Bu Shi was said to have been a man from Henan who lived during the 2nd and 1st century BCE, coming to prominence during the reign of Emperor Wu (r. 141-87 BCE). Bu Shi was a curious character—his life story often seemed more fairytale than reality, or perhaps his tale was embellished or invented to become an ideal example of a model citizen. Yet, the Grand Historian Sima Qian (c. 145-90 BCE), a contemporary of Bu Shi, presented the man in his Records of the Grand Historian as not a mythological, literary, or propagandic figure, but as a real and historical person. On the other hand, of the 130 lengthy and often overlapping chapters of Sima Qian’s history, the mysterious figure of Bu Shi was only mentioned in chapter 30, which was devoted to discussing (often with criticism) Emperor Wu’s currencies, economy and government monopolies. As such, it is tempting to think of the generous and selfless Bu Shi as a foil against the growing tyranny of Emperor Wu and his greedy ministers. Nevertheless, it must be stressed again that Sima Qian (Emperor Wu’s Grand Historian and palace secretary) described Bu Shi as a real historical figure who lived during his own lifetime. Furthermore, as Bu Shi reportedly ascended to great political heights in the empire, he would have been an awkward character to invent or embellish. Here, therefore, we will simply record the remarkable story of Bu Shi, and leave readers to assess for themselves the historical authenticity of the person whom Sima Qian documented.
The Life of Bu Shi
Bu Shi was said to have come from a family of farmers in Henan. His parents died of unknown causes, and Bu Shi became the head of the family. Although the family lands and wealth fell into Bu Shi’s hands, he relinquished control of everything except a flock of 100 sheep to a younger brother. Bu Shi, now voluntarily destitute, herded his sheep over to a mountain, where he presumably lived in the wild, or in some makeshift hut. Despite giving away his inherited wealth and withdrawing to the mountainside, Bu Shi in no way lived an idle life—he devoted himself to expertly caring for and expanding his flock. Through his tenacity the sheep flourished, which, in turn, made the business-savvy Bu Shi an extremely wealthy man. Before long, Bu Shi had raised enough money to buy new land and build a house. All the while, his flock continued to grow, and, in ten years time, the sheep in his pastures expanded from the original one hundred to over a thousand strong.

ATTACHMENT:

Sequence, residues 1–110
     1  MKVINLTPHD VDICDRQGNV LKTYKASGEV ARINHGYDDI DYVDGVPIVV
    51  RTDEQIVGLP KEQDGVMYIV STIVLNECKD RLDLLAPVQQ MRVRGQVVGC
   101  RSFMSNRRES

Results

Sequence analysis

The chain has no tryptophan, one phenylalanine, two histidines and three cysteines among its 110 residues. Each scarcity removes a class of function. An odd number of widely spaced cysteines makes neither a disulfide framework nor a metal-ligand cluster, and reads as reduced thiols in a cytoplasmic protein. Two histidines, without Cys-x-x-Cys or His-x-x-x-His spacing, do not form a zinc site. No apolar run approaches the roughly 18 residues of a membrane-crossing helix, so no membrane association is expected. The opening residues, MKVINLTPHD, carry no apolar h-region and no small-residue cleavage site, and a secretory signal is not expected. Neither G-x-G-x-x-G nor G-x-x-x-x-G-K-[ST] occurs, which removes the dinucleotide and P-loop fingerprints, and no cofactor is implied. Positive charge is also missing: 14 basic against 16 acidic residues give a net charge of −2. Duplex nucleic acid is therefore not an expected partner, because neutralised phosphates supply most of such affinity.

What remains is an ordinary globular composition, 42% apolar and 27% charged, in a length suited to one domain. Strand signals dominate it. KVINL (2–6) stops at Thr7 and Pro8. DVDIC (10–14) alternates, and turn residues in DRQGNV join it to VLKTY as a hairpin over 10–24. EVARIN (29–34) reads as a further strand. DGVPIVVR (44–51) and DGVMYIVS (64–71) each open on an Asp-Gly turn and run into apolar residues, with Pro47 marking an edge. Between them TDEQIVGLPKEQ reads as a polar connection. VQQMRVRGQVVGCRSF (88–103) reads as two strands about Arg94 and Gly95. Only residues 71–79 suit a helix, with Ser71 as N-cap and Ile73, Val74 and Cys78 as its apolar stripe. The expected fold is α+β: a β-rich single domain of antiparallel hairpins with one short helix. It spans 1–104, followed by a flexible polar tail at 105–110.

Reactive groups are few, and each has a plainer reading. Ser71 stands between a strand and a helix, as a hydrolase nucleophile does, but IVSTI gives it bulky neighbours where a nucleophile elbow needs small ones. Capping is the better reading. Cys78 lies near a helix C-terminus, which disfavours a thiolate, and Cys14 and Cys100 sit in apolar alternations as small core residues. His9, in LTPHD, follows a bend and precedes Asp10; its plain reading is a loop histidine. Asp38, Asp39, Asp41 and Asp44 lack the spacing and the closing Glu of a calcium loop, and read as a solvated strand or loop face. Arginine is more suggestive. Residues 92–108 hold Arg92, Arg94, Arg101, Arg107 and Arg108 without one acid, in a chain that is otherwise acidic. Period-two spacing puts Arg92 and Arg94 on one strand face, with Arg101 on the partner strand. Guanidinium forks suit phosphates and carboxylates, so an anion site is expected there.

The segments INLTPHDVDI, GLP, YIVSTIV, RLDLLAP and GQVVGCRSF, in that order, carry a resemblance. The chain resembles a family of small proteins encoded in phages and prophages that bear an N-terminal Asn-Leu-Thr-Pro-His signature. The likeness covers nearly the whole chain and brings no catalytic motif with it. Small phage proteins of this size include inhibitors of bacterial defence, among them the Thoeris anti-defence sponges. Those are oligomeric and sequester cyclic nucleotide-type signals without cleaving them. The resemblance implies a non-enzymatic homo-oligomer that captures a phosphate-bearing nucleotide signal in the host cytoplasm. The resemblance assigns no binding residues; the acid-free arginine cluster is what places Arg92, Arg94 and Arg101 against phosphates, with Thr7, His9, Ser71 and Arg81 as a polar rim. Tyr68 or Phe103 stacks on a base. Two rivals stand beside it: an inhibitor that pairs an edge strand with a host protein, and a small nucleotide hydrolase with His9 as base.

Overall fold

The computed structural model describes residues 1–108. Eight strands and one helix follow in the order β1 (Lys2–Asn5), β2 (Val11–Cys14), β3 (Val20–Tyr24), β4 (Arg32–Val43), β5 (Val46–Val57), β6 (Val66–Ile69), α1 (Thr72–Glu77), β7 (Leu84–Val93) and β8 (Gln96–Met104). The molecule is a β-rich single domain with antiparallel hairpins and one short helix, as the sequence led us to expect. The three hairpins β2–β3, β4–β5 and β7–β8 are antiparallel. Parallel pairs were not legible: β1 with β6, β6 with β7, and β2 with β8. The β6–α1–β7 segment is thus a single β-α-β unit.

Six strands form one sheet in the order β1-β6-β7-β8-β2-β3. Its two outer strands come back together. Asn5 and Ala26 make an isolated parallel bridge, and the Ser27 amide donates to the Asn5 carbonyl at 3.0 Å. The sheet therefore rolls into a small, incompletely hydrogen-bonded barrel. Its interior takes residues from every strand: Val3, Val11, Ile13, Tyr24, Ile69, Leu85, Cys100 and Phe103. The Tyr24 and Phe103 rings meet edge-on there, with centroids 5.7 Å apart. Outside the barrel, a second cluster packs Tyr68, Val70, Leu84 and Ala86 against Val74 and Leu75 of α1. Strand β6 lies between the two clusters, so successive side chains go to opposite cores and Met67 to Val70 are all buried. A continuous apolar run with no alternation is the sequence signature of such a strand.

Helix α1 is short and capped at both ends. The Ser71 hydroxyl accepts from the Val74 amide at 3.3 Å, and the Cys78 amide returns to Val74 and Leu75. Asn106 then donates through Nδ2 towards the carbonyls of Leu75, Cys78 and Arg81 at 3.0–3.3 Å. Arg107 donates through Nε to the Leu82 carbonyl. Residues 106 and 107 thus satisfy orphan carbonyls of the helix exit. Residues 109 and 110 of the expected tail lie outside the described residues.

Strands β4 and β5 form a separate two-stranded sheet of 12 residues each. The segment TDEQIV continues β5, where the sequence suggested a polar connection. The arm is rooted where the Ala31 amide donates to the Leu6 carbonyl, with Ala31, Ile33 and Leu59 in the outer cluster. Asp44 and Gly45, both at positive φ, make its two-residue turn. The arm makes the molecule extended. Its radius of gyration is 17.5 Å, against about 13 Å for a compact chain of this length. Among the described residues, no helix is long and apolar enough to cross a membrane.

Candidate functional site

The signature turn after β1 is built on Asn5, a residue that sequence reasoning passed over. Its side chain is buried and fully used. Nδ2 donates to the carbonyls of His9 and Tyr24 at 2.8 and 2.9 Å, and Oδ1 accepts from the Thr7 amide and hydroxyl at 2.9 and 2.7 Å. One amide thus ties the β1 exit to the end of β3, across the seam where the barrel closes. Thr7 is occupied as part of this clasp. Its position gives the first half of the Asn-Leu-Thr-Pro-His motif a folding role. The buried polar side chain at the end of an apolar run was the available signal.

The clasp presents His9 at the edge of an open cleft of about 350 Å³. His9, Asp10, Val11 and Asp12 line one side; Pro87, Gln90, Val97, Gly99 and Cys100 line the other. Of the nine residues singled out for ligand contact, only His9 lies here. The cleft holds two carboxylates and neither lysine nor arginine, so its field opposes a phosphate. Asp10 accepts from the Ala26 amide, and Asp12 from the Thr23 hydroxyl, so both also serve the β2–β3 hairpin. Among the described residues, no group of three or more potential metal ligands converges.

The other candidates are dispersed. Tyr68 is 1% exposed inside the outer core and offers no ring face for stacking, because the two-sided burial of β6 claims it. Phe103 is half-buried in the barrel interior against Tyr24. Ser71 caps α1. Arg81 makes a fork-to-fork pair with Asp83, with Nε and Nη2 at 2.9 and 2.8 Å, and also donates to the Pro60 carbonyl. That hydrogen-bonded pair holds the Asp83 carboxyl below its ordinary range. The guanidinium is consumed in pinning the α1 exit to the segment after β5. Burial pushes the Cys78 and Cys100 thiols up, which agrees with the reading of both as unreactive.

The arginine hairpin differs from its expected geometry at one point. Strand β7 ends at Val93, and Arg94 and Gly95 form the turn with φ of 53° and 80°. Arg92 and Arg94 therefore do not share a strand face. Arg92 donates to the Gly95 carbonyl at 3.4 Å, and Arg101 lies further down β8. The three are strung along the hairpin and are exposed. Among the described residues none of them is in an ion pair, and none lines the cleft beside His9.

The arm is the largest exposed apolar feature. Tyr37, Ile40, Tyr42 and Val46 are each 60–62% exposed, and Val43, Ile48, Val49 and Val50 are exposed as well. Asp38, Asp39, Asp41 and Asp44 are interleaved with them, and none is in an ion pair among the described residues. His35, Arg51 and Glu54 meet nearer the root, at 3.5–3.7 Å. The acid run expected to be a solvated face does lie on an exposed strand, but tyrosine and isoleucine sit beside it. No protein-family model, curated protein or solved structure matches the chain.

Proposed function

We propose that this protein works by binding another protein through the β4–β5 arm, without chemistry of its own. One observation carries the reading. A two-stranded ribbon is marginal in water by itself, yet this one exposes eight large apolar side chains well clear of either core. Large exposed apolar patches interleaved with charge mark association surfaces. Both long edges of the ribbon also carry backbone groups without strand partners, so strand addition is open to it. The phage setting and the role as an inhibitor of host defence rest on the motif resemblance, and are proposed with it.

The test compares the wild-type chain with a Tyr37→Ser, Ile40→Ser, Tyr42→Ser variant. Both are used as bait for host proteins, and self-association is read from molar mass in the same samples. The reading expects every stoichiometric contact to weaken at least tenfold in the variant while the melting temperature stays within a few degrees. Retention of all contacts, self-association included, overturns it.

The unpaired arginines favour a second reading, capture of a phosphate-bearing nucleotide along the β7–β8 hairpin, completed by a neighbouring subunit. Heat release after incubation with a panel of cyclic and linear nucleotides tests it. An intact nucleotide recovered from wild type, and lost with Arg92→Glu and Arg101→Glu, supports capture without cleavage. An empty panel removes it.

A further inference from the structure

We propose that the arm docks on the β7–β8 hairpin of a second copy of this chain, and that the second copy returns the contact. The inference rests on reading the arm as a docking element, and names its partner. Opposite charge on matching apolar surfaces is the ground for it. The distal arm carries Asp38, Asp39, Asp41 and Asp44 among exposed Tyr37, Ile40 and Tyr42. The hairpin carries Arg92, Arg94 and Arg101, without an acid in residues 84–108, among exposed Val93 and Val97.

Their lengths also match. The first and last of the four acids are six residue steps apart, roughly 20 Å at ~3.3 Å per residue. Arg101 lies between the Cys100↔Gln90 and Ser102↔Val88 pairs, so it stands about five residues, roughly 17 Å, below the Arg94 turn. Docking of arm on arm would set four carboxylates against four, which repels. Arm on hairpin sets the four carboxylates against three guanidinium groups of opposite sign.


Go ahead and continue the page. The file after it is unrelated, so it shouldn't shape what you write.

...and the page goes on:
While Bu Shi was growing his flock and wealth in exponential leaps and bounds, his younger brother was simultaneously running their ancestral farm into bankruptcy. Whenever his brother’s finances were about to collapse, Bu Shi would always send over a donation to keep the old family farmstead afloat. These events presumably took place during the 120s BCE, for Emperor Wu, by this point in the story, was sending his generals on frequent invasions of Xiongnu territory. These war efforts were drying up the empire’s coffers, and the emperor’s ministers were launching all sorts of fundraising schemes to replenish the treasury. In response to the empire’s needs, the generous and selfless Bu Shi sent a letter to the capital in which he offered half of his wealth to the government for use in defending the borders. As to his reasoning, Bu Shi patriotically claimed, “In my humble opinion, every worthy man should be willing to fight to the death to defend the borders, and every person with wealth ought to contribute to the expense” (Sima Qian, Shi Ji 30). According to Sima Qian, the emperor’s advisors were not sure of what to do with the offer—it was reportedly lost in the bureaucracy, and years later the donation was declined.